Image Police? Photographers under threat?

I came across an article that I can’t help but reposting and commenting on.

In the past not only been threatened by people in public because I’ve taken a photo in their general direction, but I’ve been nervous about photographing “police events”, fearing being harassed, or worse yet arrested, by those same police.

It bothers me that we are not free to photograph public events and/or city streets without needing to justify ourselves.  It’s absurd that we are lead to believe that it’s ‘against the law’ and that we are having our right to see and record events and places quietly taken away.

One of my past students was harassed by police officers while taking photos of a bridge at night.  Two separate squad cars in less than 20 minutes questioned him about his intentions.
“Why are you out here so late?”
“Why are you photographing this bridge?”
“You have an accent and don’t appear to be from around here… We think you should pack up and leave.”
This has also happened here in Vancouver to me while shooting on a bridge that was Port of Vancouver property… even though I was photographing the city skyline, 180 degrees opposite of the actual port.  Forced to leave due to security issues.

911 really F’d things up for photographers.  It seems we can no longer do street photography without people feeling threatened by our cameras.  We can’t photograph bridges at night or obscure areas of our cities without the police siting some “homeland security” crap.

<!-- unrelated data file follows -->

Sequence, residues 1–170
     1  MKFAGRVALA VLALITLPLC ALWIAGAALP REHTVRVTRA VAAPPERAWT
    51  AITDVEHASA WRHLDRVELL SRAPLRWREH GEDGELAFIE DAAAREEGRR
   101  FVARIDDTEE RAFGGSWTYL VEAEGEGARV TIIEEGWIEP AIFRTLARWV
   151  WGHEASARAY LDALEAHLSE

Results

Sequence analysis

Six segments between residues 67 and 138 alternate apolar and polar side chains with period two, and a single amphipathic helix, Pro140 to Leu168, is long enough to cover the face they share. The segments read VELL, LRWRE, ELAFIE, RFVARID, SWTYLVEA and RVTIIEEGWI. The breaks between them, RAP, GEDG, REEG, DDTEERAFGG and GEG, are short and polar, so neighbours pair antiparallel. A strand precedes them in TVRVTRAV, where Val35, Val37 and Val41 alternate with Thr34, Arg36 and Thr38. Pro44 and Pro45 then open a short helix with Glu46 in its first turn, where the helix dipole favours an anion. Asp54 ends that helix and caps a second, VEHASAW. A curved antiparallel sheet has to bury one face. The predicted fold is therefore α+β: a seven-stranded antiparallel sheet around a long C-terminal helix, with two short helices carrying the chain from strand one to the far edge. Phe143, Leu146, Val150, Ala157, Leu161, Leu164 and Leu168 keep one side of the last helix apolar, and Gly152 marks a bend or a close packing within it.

A recent article in the Toronto Star makes some great points and deserves a full read.
The following is an excerpt from “Freedom to Photograph

The situation in Canada has reached the point where it needs to be said loudly and clearly: there is no law against public photography in Canada; no one here can ever be arrested for the simple act of making a picture or film, unless other laws are being broken in the process; and police officers who are in uniform and executing their duties in public have no reasonable expectation of privacy.

Don’t let our rights be smothered by those in charge.  Fight for your right to take photos and make statements about the world we live in.  If we don’t, we may fall into the same trap as the England has.

See “I’m a Photographer not a Terrorist“, it should scare you enough.

Pick on a Photographer.  photo by: lewishamdreamer

Pick on a Photographer

photo by: Lewishamdreamer (Flickr)


UPDATE: after posting this story, I’ve had people return with some great links… I’ll keep this post up to date with those links shared. – “Public photography is no crime

Mike Farkas vs Niagara regional Police << this is a crazy story!

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